Psychologists Study Beer Goggles Effect on Valentine’s Day

This Valentine’s Day, Edge Hill University psychologists discover the science behind the ‘beer goggles’ effect and suggests there may be some fact to this when contemplating the attractiveness of possible suitors.Psychologists Study Beer Goggles Effect on Valentine's DayDr. Rebecca Monk and Prof. Derek Heim carried out computer-based research in bars and pubs native to the University’s Ormskirk campus, by asking members to answer stimuli while ignoring images of attractive and unattractive faces.

The findings of the study—featured this week in Psychology of Addictive Behaviors – confirmed that while sober contributors had been distracted more by attractive faces, the eye of those that had been intoxicated was diverted equally by both enticing and unattractive faces.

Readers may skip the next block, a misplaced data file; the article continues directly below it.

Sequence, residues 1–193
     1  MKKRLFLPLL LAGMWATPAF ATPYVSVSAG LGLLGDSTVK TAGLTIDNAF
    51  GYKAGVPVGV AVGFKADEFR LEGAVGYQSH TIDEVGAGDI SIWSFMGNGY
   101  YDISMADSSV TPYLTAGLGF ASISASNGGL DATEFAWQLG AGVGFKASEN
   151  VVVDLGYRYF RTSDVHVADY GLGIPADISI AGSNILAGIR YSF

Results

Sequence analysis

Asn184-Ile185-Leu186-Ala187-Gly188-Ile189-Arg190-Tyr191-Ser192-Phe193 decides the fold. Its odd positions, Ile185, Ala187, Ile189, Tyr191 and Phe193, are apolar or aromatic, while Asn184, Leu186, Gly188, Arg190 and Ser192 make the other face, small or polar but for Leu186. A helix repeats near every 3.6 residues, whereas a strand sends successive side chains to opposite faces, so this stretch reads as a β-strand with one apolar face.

Over 120 individuals—sober as well as intoxicated—had been requested to indicate on a laptop whether the letter ‘T’ was the proper way around or inverted, while being told to ignore the sequence of faces that had been shown on display at the same time.

Prof Derek Heim added: “Most individuals have heard of the ‘beer goggles’ effect, and our analysis adds to the body of proof displaying that there’s some fact to this anecdotal wisdom.”

It is remarkable that in the survey, participants had been only mildly intoxicated, suggesting that it would not take much alcohol in any respect for people to put on their beer goggles.

Robert Sikorski

Robert is an awarded psychiatrist and a fabulous writer. He joined the group in the year 2012, and since then he has been contributing as a writer and a strategist. Along with helping as a lead author, Robert also runs a Psychological health clinic in the city. Jennifer, who is a psychologist, and Robert together operate the column.

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